Choices under Epistemic Pluralism in Economics

Meyenburg, Imko (2018) Choices under Epistemic Pluralism in Economics. International Journal of Pluralism and Economics Education, 9 (4). ISSN 1757-5656

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At the core of the pluralist argument in economics is the rejection of the logical positivists' reductionist 'one size fits all' approach to scientific research. Instead, pluralists argue that there are multiple ways of constructing knowledge and that we cannot decide on the one best methodology or epistemic principle; in short, pluralistic knowledge is all there is. Yet, epistemic pluralism implies the absence of a single conclusive final methodology or epistemological principle, and consequently choice of methods, theories and concepts risk becoming relativistic under pluralism. In the light of the absence of objective choice criteria this paper argues: 1) that choices can be justified through consensuses in intellectual exchanges; 2) that MacIntyrian epistemological crises are a suitable basis for consensus under pluralism; 3) choice under pluralism, understood as migration between different frameworks, becomes necessary for the development of framework-dependent narratives and resulting policy implications.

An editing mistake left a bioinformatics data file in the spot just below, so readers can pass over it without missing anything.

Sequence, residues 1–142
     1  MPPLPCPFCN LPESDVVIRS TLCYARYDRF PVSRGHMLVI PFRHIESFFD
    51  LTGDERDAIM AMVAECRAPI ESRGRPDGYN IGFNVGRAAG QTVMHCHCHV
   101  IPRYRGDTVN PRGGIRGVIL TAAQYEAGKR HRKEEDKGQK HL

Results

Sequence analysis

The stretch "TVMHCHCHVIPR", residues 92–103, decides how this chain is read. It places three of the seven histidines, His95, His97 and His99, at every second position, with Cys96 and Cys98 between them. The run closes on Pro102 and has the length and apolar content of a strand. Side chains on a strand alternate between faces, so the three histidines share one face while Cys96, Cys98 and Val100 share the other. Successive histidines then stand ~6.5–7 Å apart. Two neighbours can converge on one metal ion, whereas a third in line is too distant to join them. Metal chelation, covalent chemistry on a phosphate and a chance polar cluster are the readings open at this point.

Item Type: Journal Article
Additional Information: Special Issue on: Pluralism with Purpose Applying a Pluralist Approach to Informing Policy
Keywords: epistemic pluralism, theory choice, economics, schools of thought, policy implications, methodology, relativism, knowledge, epistemological crises, cognitive aims and methodological norms
Faculty: Faculty of Business & Law
Depositing User: Imko Meyenburg
Date Deposited: 30 May 2018 12:55
Last Modified: 09 Sep 2021 18:56

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